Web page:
Illegal Drug Labs Pose Safety Risks For Years
Queensland, Australia (News4us.com) April 12, 2011
The Minister for Justice Brendan O’Connor and Queensland Police Minister Neil Roberts today launched new national guidelines on remediating sites used to manufacture illicit drugs.
The two Ministers today visited a mock clandestine drug laboratory at Oxley that is used to train Queensland Police, to get a better idea of what law enforcement agencies have to deal with.
“The damage caused by illicit drugs doesn’t stop with the arrest of a perpetrator,” Mr O’Connor said.
“Deadly chemicals are used to make illegal drugs such as MDMA and methylamphetamine and even after drug making equipment is removed, unstable and dangerous substances can remain.”
“The residue of drug manufacturing can pose risks for many years. That includes potential health and safety problems for neighbours and new residents, including children.
“Clandestine drug laboratories can also damage our natural environment through soil and water contamination and the disposal of toxic waste in public spaces,” he said.
“The Gillard Government recognised the need for a national approach to cleaning up sites that have previously been used for making drugs,” Mr O’Connor said.
In co-operation with State and Territory governments and law enforcement agencies across Australia, the Commonwealth Government has developed the Clandestine Drug Laboratory Remediation Guidelines.
The guidelines provide a step-by-step process to determine whether a site is contaminated, and assist in making decision about the remediation of contaminated sites.
Queensland Minister for Police Neil Roberts welcomed the new guidelines, which he says will be useful to law enforcement agencies in Queensland.
“We’re seeing more covert drug labs discovered as Queensland Police step up their efforts against the drug trade,” Mr Roberts said.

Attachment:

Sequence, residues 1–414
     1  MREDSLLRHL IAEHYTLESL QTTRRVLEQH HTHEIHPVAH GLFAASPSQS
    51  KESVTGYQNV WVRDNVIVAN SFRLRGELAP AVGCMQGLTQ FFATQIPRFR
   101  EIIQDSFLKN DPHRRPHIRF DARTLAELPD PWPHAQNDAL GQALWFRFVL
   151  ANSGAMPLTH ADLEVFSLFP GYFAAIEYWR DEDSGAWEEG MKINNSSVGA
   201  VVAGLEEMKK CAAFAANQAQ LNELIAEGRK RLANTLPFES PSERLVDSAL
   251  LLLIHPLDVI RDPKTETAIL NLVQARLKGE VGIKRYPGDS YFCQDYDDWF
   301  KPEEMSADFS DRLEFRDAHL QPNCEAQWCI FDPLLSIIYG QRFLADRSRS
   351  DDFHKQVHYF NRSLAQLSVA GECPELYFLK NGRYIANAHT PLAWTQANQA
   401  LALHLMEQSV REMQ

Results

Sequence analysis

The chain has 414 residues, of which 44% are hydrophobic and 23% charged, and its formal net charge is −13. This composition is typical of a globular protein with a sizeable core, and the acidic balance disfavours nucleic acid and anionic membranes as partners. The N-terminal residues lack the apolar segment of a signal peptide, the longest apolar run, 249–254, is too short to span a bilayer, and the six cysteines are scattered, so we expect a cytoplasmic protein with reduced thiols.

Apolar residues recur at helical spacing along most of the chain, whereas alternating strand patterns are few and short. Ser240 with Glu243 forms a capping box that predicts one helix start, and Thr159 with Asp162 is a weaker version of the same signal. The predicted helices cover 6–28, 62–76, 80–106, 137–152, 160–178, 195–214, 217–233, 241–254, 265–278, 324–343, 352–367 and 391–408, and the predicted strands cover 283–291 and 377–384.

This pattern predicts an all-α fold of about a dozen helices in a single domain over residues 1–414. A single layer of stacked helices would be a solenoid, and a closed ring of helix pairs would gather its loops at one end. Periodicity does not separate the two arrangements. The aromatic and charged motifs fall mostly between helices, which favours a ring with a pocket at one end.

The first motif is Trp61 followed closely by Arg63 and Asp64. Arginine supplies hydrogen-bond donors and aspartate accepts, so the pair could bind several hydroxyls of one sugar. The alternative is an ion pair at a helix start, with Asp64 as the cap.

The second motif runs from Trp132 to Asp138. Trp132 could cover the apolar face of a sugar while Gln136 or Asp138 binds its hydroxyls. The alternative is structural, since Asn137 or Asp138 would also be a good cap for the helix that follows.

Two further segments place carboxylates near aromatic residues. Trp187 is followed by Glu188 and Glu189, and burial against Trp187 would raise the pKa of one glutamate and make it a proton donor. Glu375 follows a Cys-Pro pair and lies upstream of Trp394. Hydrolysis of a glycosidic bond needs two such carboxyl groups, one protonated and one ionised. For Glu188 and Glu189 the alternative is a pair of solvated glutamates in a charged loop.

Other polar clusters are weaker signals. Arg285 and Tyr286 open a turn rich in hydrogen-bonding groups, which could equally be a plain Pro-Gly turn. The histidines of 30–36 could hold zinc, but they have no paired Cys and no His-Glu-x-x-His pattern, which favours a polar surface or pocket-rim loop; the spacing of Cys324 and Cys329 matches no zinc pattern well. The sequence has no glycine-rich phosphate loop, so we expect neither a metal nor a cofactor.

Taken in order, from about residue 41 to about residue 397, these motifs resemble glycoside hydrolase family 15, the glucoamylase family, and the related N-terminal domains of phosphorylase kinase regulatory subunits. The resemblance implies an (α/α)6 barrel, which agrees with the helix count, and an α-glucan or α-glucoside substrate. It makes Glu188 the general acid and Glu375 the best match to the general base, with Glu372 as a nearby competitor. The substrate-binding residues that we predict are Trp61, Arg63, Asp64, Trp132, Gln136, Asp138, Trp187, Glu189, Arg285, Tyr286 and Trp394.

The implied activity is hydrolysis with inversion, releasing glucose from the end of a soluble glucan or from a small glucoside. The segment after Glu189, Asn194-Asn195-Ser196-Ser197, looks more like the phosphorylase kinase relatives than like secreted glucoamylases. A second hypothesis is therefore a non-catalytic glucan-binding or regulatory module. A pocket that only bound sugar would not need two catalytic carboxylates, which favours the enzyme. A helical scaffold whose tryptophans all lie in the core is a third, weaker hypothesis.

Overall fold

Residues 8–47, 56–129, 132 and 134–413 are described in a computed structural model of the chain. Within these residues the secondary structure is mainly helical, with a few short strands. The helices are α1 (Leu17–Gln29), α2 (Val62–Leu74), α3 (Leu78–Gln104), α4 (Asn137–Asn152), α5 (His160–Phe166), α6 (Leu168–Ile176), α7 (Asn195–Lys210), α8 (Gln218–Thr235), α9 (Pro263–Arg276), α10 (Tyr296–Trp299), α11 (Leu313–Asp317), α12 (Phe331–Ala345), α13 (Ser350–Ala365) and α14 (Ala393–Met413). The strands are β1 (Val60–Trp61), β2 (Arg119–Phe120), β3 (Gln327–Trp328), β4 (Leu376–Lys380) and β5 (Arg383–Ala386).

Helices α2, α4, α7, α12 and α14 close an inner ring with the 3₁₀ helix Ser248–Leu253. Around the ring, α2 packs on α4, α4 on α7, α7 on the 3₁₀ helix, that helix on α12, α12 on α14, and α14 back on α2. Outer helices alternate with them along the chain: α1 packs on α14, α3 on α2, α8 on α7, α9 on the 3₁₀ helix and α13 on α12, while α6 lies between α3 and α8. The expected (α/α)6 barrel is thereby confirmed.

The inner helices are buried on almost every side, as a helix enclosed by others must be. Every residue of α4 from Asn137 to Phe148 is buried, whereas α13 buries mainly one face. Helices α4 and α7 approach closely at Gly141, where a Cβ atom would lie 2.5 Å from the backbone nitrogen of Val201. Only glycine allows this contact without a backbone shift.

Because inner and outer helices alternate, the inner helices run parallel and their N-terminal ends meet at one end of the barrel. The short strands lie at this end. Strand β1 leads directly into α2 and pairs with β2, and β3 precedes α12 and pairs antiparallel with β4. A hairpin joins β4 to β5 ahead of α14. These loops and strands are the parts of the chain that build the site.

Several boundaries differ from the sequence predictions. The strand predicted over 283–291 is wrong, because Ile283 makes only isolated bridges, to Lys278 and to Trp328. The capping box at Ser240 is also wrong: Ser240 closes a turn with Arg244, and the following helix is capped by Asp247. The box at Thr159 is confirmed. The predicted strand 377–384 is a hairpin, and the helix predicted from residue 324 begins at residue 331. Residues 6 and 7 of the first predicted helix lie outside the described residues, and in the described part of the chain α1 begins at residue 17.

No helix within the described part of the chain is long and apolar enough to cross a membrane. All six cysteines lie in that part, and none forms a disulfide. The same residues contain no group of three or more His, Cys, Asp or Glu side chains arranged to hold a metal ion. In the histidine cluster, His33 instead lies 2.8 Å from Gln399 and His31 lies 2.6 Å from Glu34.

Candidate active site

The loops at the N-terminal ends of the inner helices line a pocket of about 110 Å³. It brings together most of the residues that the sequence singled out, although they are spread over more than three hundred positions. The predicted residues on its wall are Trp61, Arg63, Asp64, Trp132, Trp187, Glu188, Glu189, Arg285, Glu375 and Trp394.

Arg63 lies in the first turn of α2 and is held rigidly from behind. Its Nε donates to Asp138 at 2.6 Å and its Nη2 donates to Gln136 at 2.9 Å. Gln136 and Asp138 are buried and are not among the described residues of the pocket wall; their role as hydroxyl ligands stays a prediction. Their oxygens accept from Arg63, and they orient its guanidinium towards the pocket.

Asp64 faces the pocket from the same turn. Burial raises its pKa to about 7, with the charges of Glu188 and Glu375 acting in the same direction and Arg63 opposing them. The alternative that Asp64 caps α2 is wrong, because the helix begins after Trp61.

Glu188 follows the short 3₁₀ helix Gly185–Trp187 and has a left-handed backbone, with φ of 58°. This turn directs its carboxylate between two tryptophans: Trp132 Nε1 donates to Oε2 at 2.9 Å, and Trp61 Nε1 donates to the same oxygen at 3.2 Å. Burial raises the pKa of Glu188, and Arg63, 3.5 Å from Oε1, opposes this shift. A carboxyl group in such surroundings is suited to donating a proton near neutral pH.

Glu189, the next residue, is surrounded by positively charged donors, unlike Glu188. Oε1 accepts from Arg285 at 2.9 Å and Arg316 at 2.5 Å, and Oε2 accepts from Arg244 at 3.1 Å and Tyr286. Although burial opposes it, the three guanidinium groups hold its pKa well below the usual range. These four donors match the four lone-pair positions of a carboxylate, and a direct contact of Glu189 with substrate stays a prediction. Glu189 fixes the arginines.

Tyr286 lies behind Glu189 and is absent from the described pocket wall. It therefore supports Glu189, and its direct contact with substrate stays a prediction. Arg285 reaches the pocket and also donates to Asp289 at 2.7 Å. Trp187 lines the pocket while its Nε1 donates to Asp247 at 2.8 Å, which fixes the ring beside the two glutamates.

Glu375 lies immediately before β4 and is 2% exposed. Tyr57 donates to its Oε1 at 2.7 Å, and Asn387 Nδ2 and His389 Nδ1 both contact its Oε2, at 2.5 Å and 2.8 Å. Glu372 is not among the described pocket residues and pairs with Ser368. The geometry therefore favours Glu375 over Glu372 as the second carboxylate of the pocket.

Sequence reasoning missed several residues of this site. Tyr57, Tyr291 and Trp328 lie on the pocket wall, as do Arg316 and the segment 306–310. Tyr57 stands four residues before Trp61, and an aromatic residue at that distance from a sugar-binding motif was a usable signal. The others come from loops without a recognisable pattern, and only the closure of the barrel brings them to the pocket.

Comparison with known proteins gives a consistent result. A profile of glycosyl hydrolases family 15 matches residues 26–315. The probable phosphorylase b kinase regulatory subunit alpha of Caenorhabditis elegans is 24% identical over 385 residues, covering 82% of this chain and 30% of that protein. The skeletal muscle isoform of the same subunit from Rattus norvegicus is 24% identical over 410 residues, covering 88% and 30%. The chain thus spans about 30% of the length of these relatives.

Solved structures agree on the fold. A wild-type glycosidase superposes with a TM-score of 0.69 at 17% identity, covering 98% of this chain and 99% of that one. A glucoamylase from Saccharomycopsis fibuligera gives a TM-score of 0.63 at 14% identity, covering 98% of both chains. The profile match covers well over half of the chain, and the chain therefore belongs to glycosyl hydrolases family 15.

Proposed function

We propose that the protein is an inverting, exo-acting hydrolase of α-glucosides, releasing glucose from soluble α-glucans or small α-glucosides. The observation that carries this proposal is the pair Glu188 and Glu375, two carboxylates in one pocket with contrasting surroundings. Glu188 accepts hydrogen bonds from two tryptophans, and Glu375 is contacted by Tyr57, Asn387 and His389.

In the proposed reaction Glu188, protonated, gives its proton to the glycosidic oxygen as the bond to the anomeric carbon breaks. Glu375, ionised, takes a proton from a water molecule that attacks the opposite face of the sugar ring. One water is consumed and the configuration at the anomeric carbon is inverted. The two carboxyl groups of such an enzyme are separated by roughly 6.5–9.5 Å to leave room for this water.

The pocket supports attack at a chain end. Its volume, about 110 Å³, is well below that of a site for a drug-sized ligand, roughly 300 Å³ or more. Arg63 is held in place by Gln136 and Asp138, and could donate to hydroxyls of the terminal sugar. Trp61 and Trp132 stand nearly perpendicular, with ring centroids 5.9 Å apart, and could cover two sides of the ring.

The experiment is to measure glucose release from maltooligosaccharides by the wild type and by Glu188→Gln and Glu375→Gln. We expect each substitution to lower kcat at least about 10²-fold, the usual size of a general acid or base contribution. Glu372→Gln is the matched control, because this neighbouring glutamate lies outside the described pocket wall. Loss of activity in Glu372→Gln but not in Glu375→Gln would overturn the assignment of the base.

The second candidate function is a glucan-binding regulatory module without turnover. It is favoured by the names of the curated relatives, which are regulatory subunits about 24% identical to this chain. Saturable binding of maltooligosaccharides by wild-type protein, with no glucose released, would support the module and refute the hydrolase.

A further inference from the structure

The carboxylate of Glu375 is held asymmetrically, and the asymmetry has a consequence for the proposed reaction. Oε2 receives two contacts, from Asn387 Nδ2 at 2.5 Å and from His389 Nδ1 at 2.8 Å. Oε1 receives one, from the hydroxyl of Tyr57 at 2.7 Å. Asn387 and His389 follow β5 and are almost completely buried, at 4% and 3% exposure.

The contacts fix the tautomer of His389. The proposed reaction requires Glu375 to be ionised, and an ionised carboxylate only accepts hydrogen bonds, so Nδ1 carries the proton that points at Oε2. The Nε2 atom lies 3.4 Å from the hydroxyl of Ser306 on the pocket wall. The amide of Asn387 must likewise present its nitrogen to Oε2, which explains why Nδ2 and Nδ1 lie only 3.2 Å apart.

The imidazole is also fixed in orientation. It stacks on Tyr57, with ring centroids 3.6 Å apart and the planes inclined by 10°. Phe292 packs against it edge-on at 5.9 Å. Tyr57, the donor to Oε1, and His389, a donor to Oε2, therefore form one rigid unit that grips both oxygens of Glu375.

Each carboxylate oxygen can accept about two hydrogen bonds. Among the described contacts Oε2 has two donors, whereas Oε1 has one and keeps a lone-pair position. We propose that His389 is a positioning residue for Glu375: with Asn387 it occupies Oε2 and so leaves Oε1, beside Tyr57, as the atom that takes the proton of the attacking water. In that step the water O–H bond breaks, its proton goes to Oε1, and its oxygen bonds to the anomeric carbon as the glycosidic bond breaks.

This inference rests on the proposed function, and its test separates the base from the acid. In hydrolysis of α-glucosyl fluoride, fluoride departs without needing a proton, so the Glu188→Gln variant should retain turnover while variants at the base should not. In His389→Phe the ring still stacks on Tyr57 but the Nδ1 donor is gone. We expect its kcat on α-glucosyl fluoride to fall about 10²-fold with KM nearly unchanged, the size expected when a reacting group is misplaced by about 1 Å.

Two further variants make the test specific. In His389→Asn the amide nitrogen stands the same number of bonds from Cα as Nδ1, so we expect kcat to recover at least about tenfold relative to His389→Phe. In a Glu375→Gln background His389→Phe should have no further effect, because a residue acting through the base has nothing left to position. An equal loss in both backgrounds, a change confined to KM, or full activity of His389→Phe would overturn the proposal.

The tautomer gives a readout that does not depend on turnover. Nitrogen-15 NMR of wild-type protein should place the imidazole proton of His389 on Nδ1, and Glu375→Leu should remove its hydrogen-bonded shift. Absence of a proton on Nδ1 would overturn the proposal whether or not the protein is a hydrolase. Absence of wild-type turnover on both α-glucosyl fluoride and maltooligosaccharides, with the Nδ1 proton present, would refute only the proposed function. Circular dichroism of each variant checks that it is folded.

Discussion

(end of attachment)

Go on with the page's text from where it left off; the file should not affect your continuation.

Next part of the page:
“Here in Queensland, police discovered 297 clandestine labs in 2009/10 – almost double the number found the previous year.
“About 70% of these illegal labs were found in residential areas, so it’s vital that we act to mitigate any environmental and health risks and ensure that Queenslanders, particularly children, are not exposed to dangerous chemicals,” Mr Roberts said.
The number of clandestine drug laboratories seized across Australia has reached record highs, and that’s likely to continue with a sustained police focus on drug manufacturing operations.
The Australian Crime Commission is currently assembling its 2009/10 report about drug detection across Australia. It is expected to find that clandestine drug laboratory detections are continuing to rise, with about 600 detections reported nationally.
Information provided by the public can provide important details on where drug manufacturing activity might be taking place and key individuals involved in this serious criminal activity.
Communities can help to rid our community of illegal drugs by reporting suspicious activity to Crime Stoppers on 1800 333 000.
Some key indicators of clandestine laboratory activity may include:
• blacked out windows
• evidence of chemical supplies or chemical waste on premises
• strong chemical smells coming from premises
• frequent visitors at irregular times and
• excessive ventilation or security measures.
The Clandestine Drug Laboratory Remediation Guidelines are available at www.ag.gov.au.
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